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Corruption and the Two Publics: An Address That Will Not Be Given at the Anti-Corruption Convention

8 min read. For the African bourgeoisie, the problem has always been subverting the civic sphere to feed the primordial sphere – the realm of the tribe, the cosa nostra that fuels the stealing in the first place. It made sense, was maybe even transgressive, as long as taxpayers money remained a colonial resource to which you were shut out. But the mbeberu is long gone. The taxes are ours. How can we continue to argue that theft is a revolutionary act, not a zero-sum game? By DAVID NDII.

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Corruption and the Two Publics: An Address That Will Not Be Given at the Anti-Corruption Convention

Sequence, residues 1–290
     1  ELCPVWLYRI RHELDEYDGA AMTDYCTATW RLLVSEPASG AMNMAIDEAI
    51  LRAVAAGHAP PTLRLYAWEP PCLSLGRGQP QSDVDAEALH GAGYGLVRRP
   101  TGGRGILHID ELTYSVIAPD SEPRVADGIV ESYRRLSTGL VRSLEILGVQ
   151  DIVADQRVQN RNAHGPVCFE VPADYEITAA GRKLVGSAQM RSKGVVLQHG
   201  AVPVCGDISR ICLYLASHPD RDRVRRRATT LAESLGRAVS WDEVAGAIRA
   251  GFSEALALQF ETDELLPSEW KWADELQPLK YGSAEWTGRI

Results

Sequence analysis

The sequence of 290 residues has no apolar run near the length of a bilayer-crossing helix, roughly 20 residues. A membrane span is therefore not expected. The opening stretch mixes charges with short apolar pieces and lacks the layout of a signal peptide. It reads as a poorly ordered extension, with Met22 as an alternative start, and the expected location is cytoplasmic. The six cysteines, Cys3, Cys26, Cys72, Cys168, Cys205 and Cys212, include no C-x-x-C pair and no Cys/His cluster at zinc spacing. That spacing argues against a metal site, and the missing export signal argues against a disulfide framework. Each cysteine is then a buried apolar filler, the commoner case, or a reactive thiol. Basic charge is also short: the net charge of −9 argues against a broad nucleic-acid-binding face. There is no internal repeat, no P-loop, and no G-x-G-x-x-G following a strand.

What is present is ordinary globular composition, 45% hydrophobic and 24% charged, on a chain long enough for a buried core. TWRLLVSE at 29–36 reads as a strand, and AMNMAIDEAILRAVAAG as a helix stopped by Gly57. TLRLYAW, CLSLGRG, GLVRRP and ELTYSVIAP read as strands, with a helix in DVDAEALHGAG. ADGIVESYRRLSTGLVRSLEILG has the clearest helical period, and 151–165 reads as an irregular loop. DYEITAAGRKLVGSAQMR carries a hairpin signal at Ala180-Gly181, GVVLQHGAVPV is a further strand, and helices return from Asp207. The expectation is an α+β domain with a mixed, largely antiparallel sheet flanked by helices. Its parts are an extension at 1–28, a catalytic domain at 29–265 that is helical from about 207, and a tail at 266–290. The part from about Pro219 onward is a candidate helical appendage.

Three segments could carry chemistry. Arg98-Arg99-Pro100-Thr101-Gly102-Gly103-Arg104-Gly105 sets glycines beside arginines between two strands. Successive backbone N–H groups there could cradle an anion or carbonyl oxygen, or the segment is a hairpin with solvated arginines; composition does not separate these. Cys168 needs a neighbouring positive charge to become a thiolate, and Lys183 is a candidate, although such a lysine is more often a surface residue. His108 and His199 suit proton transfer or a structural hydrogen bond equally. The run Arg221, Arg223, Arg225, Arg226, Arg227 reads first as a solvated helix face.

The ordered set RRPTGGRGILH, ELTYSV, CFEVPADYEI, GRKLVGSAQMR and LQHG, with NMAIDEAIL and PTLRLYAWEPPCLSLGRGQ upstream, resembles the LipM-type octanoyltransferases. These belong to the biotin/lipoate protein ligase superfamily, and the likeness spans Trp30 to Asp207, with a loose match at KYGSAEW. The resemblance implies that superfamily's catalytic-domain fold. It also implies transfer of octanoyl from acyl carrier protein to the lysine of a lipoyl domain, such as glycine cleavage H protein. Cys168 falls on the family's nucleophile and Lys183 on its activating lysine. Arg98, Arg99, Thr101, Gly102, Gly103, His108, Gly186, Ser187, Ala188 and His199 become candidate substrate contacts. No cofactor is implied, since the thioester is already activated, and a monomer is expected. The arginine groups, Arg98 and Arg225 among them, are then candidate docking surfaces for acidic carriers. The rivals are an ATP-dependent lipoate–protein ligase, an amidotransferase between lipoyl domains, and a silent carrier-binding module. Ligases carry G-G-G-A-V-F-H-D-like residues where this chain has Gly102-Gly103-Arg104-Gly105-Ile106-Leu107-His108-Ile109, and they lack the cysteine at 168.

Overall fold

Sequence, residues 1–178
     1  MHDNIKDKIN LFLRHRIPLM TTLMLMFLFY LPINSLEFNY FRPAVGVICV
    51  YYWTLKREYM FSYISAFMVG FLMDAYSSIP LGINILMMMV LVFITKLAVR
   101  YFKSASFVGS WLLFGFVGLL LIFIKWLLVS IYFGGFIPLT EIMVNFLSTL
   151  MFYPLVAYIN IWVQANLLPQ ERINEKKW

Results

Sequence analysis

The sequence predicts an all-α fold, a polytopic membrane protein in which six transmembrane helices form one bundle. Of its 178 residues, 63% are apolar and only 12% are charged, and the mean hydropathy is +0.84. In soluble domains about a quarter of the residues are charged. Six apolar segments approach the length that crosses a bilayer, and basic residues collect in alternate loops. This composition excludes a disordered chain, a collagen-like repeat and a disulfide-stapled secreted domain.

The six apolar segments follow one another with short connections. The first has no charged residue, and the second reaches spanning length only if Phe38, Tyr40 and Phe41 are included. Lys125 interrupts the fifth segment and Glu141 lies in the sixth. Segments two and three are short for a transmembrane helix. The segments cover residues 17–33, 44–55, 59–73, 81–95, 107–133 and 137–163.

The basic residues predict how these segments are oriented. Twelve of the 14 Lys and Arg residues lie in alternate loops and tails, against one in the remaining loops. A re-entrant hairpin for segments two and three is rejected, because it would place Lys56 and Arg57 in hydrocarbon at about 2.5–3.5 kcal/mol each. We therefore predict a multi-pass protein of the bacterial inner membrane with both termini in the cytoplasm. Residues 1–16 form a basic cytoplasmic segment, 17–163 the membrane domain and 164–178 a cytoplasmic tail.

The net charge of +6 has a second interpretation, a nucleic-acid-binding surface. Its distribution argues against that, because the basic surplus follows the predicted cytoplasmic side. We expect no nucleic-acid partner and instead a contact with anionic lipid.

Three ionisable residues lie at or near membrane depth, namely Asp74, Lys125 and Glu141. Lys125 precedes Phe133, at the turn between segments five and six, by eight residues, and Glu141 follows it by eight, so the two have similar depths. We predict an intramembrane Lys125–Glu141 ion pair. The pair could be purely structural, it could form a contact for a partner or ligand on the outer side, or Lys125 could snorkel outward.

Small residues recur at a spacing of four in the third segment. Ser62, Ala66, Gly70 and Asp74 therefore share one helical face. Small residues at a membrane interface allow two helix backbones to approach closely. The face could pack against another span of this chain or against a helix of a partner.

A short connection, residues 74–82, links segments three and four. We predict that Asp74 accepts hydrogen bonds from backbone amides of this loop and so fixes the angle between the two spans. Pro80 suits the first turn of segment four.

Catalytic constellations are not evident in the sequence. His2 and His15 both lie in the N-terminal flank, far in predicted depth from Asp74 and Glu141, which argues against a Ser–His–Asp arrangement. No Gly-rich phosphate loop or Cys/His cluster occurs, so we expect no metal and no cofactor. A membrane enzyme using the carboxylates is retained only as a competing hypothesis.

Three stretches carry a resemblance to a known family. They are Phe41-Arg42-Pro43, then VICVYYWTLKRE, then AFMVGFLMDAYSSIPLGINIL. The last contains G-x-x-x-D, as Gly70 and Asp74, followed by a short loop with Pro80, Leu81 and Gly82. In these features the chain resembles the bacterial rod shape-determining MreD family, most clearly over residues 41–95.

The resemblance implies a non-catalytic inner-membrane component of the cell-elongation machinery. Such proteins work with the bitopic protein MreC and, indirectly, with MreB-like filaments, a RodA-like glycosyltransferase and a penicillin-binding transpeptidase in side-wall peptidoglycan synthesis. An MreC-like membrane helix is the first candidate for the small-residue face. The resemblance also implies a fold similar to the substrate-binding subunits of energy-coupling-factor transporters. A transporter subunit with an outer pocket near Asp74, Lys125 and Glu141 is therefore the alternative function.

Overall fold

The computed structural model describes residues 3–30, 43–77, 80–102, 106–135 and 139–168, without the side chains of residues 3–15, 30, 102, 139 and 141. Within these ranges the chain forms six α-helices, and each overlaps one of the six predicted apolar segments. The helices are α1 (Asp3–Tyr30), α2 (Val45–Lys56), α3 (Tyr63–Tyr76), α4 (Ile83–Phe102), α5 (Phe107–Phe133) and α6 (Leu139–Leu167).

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All protocols observed. Distinguished ladies and gentlemen, you are gathered here today to discuss corruption. I can say without fear of contradiction that this a subject that this gathering is imminently qualified to discuss. In fact, it is conceivable that a gathering of people as knowledgeable as you are in matters of corruption is unprecedented in world history. The scions of crony capitalism are here. The lords of the land grabbing establishment are here. The dons of the tenderpreneur mafia are here. The money laundering fraternity— the lawyers, the accountants, the bankers, property moguls—you are all here.